- As a Desktop (Loads a background PETSCII art image, monochrome, and allows names of applications to be positioned arbitrarily around the screen. The background colour of app names are different allowing them to stand out from the background image.)
Here are a couple of mock up screenshots I've made to demonstrate how I think it could look.
App Launcher: Card View
App Launcher: Desktop View
This App has over 40k of ram to work with, but I honestly don't see it as being all that complex. I have a bunch of ideas for some pretty cool features. A Get Info option from the menus can display on a screen layer above the background layer a sort of "floating" info summary of the selected app. This will allow clicks that occur outside the bounds of the floating panel to pass through to the background layer. Allowing the user to leave Get Info open and click on different apps in the background. This panel could allow for changing some options on Apps. Each app's App Launcher settings are stored inside the App's Bundle in a standardized HomeBase config file.
- Flag an app as a "Favourite"
- Flag an app as "On the Desktop"
- Set an app's "Category" keyword
In "Card" view you can then choose an option to only show Favourites. And in the "List" view the Category you've set becomes a sortable/groupable option so that Apps of a similar type cluster together. And when in "Desktop" view only those apps flagged as show on desktop have their name appear somewhere on the Desktop, as shown in the screenshot below.
Some other random notes and ideas: The ability to drag the names of apps around the desktop to place them in arbitrary positions, and then the start positions of app names on the desktop can be part of the HomeBase config of the App saved in the App's Bundle. When the App Launcher is quit (either by switching to File Manager, or launching an app) the current view, and in List or Card view, the current scroll offset, and sort column and direction will be part of its saved and restorable state. This state will be saved back to the app bundle of the App Launcher app itself.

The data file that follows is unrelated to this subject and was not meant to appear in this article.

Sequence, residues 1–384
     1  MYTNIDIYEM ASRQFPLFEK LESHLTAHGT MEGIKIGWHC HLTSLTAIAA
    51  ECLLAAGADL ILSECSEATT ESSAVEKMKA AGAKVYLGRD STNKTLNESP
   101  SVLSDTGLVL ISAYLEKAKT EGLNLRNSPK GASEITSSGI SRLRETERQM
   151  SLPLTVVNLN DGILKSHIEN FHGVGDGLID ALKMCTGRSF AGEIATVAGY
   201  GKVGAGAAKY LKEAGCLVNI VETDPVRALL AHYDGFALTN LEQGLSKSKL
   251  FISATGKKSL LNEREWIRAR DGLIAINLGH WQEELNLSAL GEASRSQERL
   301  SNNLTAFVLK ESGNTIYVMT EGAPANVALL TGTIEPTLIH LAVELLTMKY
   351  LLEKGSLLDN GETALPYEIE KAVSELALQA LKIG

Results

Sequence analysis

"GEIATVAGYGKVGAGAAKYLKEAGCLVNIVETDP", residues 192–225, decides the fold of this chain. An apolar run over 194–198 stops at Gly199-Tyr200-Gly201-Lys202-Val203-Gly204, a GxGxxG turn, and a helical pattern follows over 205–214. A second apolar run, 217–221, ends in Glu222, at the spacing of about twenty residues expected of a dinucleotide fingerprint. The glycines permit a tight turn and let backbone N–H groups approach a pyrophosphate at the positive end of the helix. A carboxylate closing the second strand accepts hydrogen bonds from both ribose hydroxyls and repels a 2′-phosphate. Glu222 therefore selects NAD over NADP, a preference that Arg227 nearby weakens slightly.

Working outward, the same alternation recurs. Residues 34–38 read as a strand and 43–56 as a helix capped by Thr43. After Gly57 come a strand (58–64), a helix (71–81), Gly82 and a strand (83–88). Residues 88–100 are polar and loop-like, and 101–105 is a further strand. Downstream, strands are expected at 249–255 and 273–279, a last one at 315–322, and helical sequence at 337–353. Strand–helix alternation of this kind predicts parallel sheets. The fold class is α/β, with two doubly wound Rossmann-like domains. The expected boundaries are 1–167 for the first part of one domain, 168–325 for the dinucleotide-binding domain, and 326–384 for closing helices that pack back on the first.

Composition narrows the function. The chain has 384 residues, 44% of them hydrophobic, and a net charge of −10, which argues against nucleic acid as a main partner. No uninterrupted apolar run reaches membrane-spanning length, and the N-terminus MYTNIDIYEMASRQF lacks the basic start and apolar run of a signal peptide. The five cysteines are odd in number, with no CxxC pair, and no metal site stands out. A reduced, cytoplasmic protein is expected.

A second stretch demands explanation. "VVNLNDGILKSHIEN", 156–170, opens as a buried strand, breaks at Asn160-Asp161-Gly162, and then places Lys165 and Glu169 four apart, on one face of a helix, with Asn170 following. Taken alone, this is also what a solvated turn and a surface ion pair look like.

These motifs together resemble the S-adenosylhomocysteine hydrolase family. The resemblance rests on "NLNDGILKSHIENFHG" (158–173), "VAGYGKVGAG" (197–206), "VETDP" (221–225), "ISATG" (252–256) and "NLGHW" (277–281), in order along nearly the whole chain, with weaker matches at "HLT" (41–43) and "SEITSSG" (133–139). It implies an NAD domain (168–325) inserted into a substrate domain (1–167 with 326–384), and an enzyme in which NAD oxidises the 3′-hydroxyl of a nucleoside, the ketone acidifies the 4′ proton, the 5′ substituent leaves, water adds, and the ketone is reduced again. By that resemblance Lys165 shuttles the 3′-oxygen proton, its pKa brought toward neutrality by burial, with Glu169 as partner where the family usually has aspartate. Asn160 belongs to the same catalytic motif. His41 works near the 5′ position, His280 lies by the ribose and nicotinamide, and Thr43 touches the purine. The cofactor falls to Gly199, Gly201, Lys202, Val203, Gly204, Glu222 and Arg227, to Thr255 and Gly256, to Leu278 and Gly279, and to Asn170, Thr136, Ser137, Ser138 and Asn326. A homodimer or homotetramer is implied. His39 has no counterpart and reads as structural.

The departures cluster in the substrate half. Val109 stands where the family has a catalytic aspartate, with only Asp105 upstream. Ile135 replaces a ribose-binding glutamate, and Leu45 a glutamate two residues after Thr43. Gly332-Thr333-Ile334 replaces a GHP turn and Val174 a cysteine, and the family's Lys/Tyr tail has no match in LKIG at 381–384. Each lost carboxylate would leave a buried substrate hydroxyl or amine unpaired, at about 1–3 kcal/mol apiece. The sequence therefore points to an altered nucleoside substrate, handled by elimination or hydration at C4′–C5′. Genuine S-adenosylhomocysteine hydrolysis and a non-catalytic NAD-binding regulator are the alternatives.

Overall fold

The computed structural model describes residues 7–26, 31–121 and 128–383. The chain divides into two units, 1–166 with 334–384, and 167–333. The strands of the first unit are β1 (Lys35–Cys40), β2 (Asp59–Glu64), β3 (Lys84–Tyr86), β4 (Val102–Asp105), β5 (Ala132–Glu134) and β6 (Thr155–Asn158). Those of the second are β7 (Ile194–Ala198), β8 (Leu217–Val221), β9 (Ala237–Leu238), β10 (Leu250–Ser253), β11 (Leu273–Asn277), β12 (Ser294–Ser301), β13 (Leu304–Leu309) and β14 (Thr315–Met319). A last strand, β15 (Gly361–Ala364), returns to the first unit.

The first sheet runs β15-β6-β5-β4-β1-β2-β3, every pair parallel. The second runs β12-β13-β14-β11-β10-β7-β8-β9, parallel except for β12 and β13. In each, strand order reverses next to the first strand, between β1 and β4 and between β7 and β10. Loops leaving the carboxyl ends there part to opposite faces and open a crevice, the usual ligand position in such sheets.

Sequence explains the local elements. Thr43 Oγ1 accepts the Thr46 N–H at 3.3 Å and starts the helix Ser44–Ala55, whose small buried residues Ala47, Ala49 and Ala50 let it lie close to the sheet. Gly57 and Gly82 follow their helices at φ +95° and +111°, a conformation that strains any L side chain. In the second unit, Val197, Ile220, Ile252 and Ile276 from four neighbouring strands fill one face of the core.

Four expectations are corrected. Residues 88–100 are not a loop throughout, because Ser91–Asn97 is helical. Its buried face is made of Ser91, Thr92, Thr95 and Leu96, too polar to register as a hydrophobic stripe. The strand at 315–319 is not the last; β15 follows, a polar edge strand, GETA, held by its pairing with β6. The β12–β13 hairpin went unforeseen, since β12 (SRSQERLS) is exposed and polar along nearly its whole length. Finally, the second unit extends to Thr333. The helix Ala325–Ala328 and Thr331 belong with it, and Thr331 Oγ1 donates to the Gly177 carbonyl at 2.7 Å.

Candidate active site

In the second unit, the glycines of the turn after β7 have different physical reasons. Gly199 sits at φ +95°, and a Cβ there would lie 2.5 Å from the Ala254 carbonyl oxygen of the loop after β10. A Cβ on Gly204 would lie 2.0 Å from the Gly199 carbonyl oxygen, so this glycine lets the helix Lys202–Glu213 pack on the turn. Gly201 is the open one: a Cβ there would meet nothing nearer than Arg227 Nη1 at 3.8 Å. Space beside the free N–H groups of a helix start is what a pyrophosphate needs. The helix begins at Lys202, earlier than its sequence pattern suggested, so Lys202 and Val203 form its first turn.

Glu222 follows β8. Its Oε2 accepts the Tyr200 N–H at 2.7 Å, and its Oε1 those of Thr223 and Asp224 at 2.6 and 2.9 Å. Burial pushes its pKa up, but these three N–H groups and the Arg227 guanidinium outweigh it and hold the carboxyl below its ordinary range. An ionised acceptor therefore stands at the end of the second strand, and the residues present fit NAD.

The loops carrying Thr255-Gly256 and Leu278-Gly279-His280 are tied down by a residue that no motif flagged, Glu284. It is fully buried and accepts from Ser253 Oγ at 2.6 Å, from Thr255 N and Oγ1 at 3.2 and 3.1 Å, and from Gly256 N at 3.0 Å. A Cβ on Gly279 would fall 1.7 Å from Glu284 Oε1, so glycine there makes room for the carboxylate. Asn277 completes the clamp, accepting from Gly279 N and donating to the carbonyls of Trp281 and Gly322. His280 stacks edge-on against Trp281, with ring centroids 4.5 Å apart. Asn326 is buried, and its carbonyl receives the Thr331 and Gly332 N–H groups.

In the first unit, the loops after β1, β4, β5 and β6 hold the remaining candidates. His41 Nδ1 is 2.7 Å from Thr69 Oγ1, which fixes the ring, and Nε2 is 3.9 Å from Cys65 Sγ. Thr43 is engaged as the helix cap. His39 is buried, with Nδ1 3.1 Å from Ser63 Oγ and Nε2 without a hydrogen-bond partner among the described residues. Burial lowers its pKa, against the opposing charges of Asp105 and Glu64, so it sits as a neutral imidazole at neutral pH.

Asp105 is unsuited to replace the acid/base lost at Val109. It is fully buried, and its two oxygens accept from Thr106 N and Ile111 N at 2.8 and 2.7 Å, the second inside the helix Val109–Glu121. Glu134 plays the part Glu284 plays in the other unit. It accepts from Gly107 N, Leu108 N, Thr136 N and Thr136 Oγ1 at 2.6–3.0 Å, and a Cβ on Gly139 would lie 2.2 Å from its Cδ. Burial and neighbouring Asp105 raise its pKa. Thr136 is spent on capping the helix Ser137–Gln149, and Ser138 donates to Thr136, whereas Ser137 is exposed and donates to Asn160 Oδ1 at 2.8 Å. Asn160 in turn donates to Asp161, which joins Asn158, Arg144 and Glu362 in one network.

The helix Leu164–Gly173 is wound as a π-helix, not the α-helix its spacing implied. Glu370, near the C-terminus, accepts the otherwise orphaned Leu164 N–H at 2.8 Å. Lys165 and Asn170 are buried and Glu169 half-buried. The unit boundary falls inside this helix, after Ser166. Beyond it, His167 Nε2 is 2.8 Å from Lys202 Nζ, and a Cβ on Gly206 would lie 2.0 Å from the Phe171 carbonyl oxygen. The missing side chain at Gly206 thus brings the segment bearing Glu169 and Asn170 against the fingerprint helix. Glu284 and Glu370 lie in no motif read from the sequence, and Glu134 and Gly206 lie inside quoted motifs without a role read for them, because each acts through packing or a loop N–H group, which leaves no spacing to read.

When the an application is double clicked from the App Launcher, the App Launcher builds a file reference struct, based upon the system's file reference struct, but with the additional path details to the applications folder and then the application bundle folder that is being launched. It calls the loadapp routine with this file reference.
The App Launcher has a menu option to Switch to the File Manager. When this option is chosen, the App Launcher has an opportunity to save its state. Then it builds a file reference, again from the system's file reference, but this time with "Services/File Manager" as additional path info. It changes the OS's HomeBase references to "File Manager", which itself is saved to the OS's own main config file for next boot, and then it calls loadapp with the File Manager's file reference.
I haven't put a whole lot of thought into the File Manager yet. Although, I did write a very full featured file manager for WiNGs, so I'm not unfamiliar with how they might work. Here's how the WiNGs one looks, for reference.1 Then I'll talk about what will be different in C64 OS.
WiNGs Console File Manager: Renaming a File